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Gas prices skyrocket for motorists, not boaters

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MASSENA - Motorists have seen prices at the gas pump climb by up to 30 cents over the past weeks with prices on South Main Street climbing from $3.64 per gallon to $3.90 per gallon in a 10-day period.

But boaters fueling up at the Robert Moses State Park marina are still paying the same price they were two weeks ago for the fuel they purchase to power their boats.

Robert Moses State Park Manager Chris Williams says that their gas prices haven’t increased this season, and boaters are still getting out onto the waters at the boat launch in Massena.

The boat launch has been a popular venue for people during this summer’s recent warm weather, and Mr. Williams and the marina is savoring it.

“Last weekend on Sunday, we probably sold like 600 gallons, probably 700 plus on Saturday. We sell 91 octane, non-ethanol (gas for boats),” Mr. Williams said.

“Most just have their boat in the marina here. Obviously they gas up before they go, but people from Canada and stuff like that come over here and gas up too. Our price hasn’t fluctuated yet this season. Usually we’ll get a notice from our regional office, but we haven’t gone up since the beginning of the season.”

And there are some water enthusiasts at the marina that aren’t concerned at all by the gas prices,

Tim Schiltz, whose family was taking his sail boat out on the St. Lawrence River on Friday, said they had only one worry as they prepared to take their boat out - the strength of the winds.

“It has to be 15 miles per hour for us to go out on the boat. This is our second time out on the boat this summer. We probably went half a dozen times last summer,” Mr. Schiltz said.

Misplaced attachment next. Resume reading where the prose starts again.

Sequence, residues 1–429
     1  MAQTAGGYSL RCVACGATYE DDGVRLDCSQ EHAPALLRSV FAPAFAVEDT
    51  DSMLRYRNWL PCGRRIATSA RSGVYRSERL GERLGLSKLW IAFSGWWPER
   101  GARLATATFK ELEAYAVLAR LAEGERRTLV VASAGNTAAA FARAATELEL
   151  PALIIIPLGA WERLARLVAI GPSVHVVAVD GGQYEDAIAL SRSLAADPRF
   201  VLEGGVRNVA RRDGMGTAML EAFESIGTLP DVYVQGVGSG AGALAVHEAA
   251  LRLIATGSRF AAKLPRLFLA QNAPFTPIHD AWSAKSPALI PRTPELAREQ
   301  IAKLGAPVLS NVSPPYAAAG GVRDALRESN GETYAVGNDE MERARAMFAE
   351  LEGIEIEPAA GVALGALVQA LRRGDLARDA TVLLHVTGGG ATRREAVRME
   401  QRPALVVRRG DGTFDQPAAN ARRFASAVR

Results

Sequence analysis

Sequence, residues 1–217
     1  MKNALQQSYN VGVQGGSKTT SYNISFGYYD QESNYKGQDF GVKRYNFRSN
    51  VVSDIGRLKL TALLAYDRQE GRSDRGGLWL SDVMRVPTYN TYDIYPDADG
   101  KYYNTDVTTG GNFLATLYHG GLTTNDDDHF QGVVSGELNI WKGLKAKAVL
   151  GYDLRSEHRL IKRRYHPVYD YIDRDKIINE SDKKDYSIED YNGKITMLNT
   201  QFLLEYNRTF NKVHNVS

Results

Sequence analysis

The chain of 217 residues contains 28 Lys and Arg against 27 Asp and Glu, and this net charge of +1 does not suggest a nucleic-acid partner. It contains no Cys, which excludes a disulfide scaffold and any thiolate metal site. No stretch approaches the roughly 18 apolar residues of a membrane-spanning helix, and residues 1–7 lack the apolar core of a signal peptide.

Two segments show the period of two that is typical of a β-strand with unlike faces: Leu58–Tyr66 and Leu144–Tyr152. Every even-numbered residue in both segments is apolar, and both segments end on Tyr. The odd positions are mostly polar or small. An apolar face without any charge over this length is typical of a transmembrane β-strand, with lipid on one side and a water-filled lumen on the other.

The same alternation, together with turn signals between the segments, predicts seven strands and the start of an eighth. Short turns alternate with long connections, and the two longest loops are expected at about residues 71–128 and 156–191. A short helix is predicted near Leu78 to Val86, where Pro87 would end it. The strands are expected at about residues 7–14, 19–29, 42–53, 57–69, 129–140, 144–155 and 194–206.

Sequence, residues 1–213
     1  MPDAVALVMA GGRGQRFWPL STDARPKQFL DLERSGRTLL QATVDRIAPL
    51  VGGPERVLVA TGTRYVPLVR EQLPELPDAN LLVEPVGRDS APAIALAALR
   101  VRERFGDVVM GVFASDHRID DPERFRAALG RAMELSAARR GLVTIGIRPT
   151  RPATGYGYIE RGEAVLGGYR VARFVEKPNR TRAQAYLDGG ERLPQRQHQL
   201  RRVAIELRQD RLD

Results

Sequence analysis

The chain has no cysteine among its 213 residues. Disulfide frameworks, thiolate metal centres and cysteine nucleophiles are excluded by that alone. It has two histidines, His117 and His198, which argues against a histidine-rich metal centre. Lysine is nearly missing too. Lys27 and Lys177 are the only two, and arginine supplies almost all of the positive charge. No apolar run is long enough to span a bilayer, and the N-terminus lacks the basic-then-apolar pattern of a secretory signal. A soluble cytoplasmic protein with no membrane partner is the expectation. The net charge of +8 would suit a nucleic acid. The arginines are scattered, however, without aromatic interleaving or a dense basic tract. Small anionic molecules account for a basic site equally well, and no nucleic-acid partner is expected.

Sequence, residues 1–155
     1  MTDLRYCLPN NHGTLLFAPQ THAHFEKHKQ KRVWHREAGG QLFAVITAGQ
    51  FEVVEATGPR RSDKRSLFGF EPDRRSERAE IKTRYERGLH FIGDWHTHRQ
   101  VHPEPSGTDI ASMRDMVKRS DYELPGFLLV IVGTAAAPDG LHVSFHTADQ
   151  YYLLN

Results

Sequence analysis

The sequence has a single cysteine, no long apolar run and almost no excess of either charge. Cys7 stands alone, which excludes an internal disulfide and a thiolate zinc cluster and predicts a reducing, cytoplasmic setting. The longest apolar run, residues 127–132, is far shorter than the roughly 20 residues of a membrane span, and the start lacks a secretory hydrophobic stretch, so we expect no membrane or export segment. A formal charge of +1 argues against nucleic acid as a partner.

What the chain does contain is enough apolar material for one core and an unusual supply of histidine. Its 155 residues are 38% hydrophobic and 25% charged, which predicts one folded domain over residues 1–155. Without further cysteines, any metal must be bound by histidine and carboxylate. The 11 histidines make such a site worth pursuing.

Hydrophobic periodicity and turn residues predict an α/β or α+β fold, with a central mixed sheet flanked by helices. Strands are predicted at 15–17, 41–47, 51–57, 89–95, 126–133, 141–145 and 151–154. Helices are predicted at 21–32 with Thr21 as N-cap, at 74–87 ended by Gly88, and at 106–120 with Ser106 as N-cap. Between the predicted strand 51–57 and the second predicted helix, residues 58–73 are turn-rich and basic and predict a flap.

Gregg Laskoski, a senior petroleum analyst for Gasbuddy.com, said fluctuating gas prices typically have as limited impact on recreational vehicle users, such as boaters.

Mr. Laskoski felt that this could possibly be related to the demographic of boat owners. “Any places where the price of fuel increases incrementally the public will be discouraged. Leisure travel could decline. With recreational boats likes that, generally people are making pretty good income and are not worried too much about their expenses like that. I don’t have data that confirms it, but anecdotally people may say ‘I may cut back a little (on gas),’ while others might say ‘I won’t change a single thing,’” he said.

Mr. Laskoski predicted the higher fuel prices will likely remain a concern for motorists, however, for at least the next several weeks. Average gas prices in New York have skyrocketed by 13 cents per gallon over past week, he said.

Mr. Laskoski said the average gas price in New York State is now at $3.89 per gallon, up from $3.71 a year ago. The national average is at $3.68 cents per gallon, increasing 9 cents from last week and 21 cents from one year ago.

“We’re expecting these prices to continue to climb because crude oil continues to rise. Today, crude traded at $109 per barrel. The closing price was $108.35,” Mr. Laskoski said Friday afternoon.

“Generally when crude oil prices go up, retail goes up and wholesale goes up. We expect prices to continue to rise incrementally for at least the next several weeks,” he said.

Back on June 23, crude oil was being sold at $93 per barrel and that price has been steadily increasing.

“A lot of people say (the rise in gas prices) is about uncertainty in Egypt, whose leading them. The other thing that’s pushed prices up is the reduction in crude oil inventories but increase in consumer demand. That causes retail prices to go up especially when crude oil barrels are over $108 per barrel,” Mr. Laskoski said.

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